Section 30 of the Employment Act 2007 prescribes a minimum sick leave period of seven days with full pay, and a subsequent seven days with half pay for every 12 consecutive months of service. This leave is only granted when the employee produces a certificate of incapacity to work signed by a duly qualified medical practitioner.

The general order, however, provides for a maximum of 30 days with full pay and thereafter to a maximum of 15 days with half pay. Due to the contradiction between the Employment Act 2007 and the general order, some court decisions provide that employers should go with the provision in the general order.

Compassionate Leave (Regulation 11 of the General Order)

An employee desiring to take leave on compassionate grounds shall, by prior arrangement with the employer, be granted such leave up to their earned leave entitlement, and the leave taken shall be subsequently set off against their annual leave. An employee may, in addition, be granted five days’ compassionate leave without pay in any one year.

Most employers give compassionate leave as a standalone leave which is not deducted from annual leave. 

Pre-adoptive Leave (Section 29(A) of the Employment Act 2007)

This leave is applicable to an employee to whom an adopted child is placed in continuous care and control. It is a one-month leave with full pay from the date of placement of the child.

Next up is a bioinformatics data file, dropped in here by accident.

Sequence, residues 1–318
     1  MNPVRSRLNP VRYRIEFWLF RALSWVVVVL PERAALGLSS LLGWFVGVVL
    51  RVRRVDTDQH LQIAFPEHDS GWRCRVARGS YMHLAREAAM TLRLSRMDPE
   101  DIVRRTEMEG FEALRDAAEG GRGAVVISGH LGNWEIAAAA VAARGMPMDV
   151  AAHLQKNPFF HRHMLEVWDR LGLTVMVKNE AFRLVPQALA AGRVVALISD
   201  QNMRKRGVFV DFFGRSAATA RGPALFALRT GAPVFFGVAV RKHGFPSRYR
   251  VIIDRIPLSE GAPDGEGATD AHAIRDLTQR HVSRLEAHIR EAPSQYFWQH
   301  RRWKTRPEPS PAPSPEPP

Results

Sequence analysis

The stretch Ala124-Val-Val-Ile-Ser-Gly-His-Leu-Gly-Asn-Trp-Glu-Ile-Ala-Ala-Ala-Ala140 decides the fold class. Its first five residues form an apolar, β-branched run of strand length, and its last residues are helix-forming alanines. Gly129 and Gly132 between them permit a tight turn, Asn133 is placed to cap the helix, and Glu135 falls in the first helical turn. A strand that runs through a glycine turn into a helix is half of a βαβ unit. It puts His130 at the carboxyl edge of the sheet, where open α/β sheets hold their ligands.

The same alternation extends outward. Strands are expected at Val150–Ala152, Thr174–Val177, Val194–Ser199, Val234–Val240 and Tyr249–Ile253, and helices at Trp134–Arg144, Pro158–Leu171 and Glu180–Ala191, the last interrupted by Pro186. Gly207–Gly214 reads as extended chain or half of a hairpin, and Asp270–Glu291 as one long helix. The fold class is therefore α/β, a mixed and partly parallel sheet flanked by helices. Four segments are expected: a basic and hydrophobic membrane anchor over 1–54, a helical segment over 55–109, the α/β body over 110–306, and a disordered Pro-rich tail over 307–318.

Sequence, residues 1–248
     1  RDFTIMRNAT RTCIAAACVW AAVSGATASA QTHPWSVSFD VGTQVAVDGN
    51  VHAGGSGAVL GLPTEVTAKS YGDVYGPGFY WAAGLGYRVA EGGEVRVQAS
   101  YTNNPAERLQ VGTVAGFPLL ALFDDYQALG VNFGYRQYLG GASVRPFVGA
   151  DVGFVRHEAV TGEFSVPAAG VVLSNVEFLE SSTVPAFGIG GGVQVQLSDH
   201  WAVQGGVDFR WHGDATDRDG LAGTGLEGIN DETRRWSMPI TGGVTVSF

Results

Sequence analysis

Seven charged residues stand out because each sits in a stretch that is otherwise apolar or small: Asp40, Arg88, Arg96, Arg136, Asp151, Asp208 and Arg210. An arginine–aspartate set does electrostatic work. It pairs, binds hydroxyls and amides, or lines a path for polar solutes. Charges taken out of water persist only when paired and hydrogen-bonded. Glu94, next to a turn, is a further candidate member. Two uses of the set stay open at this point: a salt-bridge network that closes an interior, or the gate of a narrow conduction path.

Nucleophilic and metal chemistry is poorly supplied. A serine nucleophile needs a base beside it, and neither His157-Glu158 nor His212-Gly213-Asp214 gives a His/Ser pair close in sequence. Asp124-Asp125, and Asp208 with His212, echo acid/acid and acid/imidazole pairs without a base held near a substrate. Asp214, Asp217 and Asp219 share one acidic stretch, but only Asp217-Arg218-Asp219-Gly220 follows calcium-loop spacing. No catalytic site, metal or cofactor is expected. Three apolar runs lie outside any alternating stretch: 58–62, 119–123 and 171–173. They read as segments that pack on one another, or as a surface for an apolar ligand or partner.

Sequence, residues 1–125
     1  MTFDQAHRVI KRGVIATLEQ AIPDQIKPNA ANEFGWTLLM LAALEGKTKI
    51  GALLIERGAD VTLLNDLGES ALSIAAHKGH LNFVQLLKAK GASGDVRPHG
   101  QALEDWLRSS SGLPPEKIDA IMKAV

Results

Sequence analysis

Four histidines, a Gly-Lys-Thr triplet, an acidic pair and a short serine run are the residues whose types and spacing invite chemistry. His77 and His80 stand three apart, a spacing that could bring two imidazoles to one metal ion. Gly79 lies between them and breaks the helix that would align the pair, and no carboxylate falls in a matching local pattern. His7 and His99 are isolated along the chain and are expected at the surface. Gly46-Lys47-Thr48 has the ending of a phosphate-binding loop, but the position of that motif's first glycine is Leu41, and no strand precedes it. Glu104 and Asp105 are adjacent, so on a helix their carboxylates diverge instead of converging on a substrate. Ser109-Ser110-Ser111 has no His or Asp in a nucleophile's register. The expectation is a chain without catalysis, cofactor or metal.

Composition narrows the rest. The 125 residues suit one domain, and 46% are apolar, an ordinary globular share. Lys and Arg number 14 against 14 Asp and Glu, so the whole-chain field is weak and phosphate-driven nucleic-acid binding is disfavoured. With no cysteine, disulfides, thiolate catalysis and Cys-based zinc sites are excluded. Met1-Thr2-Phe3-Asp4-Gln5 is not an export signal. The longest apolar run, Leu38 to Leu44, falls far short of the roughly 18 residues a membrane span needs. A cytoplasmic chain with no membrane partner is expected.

Confidentiality and Non-disparagement

These are not legislated, however; there is an implied duty on an employee to act in good faith in relation to the employer. It is prudent for an employer to include confidentiality and non-disparagement clauses in employment contracts/policies. 

Non-compete clauses are dealt with under the Contracts in Restraint of Trade Act. A restrictive clause is not automatically void. In determining whether or not to enforce the clause, the court will consider whether the clause is reasonable in the interests of the parties or the interests of the public, taking into account:

  • the nature of the profession, trade, business or occupation concerned;
  • the period of time;
  • the area within which it is expressed to apply; and
  • all the circumstances of the case.

Restrictive clauses will not be upheld if the employer terminates the employment contract in breach of the terms of the contract.

Courts will not enforce a restraint that goes further than affording adequate protection to the legitimate interest of a person in whose favour it is granted.

In some court decisions it has been held that to be enforceable such restraint must seek to limit the use of only that which is uniquely the employer’s secret, and not knowledge and skill which can be acquired by learning, experience or development in technology. The employer must demonstrate the nature of the secrets or information that the former employee gained access to and how they are likely to divulge or use the same in their current employment to the detriment of the former employer.